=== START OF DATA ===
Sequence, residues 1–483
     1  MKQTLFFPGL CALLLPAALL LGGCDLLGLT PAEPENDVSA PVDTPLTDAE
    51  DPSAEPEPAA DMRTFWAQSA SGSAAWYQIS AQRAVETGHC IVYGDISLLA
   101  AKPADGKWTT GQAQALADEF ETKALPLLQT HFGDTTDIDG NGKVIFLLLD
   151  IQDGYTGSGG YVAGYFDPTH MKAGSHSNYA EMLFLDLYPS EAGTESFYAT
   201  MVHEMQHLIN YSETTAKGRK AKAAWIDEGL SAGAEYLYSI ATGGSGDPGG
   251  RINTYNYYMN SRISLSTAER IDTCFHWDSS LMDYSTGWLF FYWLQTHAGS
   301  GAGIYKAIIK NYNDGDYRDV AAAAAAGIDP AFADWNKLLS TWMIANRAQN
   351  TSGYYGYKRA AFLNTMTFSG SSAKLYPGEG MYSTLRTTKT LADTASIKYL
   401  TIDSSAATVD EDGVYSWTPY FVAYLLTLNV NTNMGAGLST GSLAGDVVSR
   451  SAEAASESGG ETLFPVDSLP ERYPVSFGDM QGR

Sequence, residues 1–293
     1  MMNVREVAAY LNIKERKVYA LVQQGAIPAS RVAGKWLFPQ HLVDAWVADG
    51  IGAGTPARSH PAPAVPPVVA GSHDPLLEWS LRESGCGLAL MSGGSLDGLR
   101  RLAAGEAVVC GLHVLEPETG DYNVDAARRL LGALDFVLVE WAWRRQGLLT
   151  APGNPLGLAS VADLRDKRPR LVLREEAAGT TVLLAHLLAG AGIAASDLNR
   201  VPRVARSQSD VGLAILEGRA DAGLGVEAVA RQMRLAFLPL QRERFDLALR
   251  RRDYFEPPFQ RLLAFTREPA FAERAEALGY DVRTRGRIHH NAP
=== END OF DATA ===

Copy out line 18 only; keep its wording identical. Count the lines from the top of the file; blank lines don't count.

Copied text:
   251  RRDYFEPPFQ RLLAFTREPA FAERAEALGY DVRTRGRIHH NAP